Here are some inspirations from around the show floor from the latest Surf Expo.
Viewing entries tagged
What drew you to Glas?
I’ve been an obsessed camera collector for years and love to make art with cameras in it for CameraLuv, so when I ran across the Glas “16mm” tee way back in 2008, along with some of their other cool hand-drawn tees, I knew these guys would be cool collaborators, because they love cameras and waves as much or more than me.
What pieces did you create for glas and what was the inspiration for those pieces?
I’ve worked on a bunch of tees over the years and my own camera collection has been the biggest inspiration for most of my work for Glas. The cameras, the shutters and components all combined with patterns and textures and anything hand-drawn make for some fun stuff.
When did you decide to become an artist?
I knew from a young age I wanted to be an astronaut or an artist. Around 4th grade, my hopes for space travel were dashed when I realized I inherited my dad’s bad eyesight, needed thick glasses and probably couldn’t be a pilot … so ... art it was. I always remember drawing and I learned how to airbrush and paint with watercolors and inks and learned how to screenprint in high school. I didn’t know how to make an art career happen until I heard out about "graphic design" from art school brochures from SCAD and Ringling College. With design, I realized I could do it all and use my drawings, photography and other art in my designs. I didn’t really even use computers in high school, but I knew graphic design or industrial design was what I wanted to do. I was working at a surfshop in high school and whenever I wasn’t surfing, longboarding, or wakeboarding, I was probably working on my art portfolio. It actually was a bit of a joke to some of the more unmotivated upperclassmen in my high school art classes, that I wouldn’t be partying with them, I’d be working on my portfolio. I got in, they didn’t.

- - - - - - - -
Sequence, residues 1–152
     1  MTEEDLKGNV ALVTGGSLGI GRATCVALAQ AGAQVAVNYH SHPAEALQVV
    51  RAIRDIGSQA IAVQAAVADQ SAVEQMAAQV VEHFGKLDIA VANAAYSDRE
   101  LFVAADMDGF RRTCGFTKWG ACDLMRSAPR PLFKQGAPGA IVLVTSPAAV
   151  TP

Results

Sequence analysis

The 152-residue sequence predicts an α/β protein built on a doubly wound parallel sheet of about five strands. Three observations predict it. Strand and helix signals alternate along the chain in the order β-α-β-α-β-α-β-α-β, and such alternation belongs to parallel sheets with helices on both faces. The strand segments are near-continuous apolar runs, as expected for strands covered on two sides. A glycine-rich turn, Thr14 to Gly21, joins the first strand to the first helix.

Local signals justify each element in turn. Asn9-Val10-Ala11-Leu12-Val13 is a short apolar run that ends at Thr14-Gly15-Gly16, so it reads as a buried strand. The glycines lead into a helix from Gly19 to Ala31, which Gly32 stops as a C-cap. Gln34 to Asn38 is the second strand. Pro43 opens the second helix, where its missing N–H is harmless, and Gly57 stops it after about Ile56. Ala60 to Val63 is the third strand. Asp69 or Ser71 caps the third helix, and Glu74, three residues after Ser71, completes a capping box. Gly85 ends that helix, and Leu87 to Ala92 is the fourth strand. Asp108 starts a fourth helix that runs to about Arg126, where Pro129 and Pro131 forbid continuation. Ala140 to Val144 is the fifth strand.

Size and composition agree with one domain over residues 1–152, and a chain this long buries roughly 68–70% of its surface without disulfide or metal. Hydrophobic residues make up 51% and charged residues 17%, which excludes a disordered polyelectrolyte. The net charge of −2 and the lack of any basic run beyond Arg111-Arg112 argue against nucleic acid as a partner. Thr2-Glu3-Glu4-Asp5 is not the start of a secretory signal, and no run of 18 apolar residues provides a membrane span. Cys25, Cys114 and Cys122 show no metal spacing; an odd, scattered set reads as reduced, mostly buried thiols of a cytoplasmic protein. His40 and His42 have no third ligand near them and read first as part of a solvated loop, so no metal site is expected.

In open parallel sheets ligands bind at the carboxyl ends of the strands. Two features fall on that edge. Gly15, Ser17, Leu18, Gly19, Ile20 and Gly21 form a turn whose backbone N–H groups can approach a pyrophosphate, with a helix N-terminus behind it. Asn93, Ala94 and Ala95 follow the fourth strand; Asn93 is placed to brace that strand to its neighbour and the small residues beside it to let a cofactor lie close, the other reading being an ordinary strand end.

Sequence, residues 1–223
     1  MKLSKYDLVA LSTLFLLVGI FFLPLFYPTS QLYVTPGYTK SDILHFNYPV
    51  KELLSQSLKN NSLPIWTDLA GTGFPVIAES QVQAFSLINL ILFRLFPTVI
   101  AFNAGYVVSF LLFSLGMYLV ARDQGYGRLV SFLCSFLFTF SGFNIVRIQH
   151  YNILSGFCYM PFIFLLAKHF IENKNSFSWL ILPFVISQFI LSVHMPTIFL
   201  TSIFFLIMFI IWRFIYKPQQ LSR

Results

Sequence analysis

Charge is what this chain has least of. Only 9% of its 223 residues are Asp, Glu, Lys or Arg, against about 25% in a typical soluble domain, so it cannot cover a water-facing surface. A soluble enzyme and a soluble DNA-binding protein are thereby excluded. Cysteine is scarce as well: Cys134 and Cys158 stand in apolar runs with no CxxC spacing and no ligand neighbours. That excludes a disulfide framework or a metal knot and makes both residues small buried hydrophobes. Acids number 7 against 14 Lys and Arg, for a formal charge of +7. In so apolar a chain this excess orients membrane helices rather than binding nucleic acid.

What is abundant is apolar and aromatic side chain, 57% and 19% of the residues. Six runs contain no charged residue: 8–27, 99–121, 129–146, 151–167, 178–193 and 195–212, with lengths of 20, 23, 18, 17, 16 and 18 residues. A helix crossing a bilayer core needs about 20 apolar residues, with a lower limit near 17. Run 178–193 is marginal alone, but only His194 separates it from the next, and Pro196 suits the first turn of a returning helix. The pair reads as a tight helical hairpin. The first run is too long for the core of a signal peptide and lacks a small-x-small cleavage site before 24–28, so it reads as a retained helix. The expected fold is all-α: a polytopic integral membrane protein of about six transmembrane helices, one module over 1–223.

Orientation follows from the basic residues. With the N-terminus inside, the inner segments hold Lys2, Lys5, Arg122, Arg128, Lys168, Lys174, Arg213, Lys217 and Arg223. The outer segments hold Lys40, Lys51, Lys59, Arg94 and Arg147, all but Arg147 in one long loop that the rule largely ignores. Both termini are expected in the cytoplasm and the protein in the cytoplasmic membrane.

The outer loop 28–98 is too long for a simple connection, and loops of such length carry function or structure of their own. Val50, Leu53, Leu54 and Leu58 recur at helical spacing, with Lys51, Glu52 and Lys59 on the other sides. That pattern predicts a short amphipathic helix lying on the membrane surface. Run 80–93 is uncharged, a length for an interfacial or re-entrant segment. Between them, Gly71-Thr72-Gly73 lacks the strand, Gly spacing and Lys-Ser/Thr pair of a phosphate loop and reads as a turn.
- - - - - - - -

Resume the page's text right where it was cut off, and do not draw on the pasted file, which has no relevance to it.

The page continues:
Where did you train?
After graduation, I stuck around my hometown working, surfing and got an AA to knock out my prerequisites and took all the art classes I could from my community college and then I transferred down to Ringling College of Art and Design in Sarasota, FL to get a degree in Graphic and Interactive communication with a minor in photography.
How did your training influence you?
I really learned a lot from professors and my classmates in all majors at Ringling. I worked like crazy trying to push myself and our group of friends. Everyone was an artist around me so it was really cool to see what everyone was doing by day in class, and by night in the labs, studios and around campus. A bunch of my friends now work in the movie industry doing animation for sony, pixar and all that stuff. It was inspiring that they were creating whole worlds etc…
Where do you get your ideas?
They come from all around. You don’t know what will strike you and each project has it’s own needs. It’s the old signage on the street, it’s the sunset, it’s the way the tide has pushed in the driftwood, the line of that new Audi car ...you just never know.
I mentioned earlier liking to collect cameras, but I also collect all kinds of cool print ephemera or vintage skateboards… I’ve got a bunch of flat files in the studio full of random cards, tags, letterpress stuff and posters.
I guess I'll have to admit I also have a little bit of an obsession with Pinterest as well. I’ve pretty much run out of room for my cameras, so I’m filling up pinboards instead. I think it kind of satiates my appetite for collecting random stuff, without the clutter. You can waste a bunch of time here: (pinterest.com/cameraluv).
What artist or artists inspired you?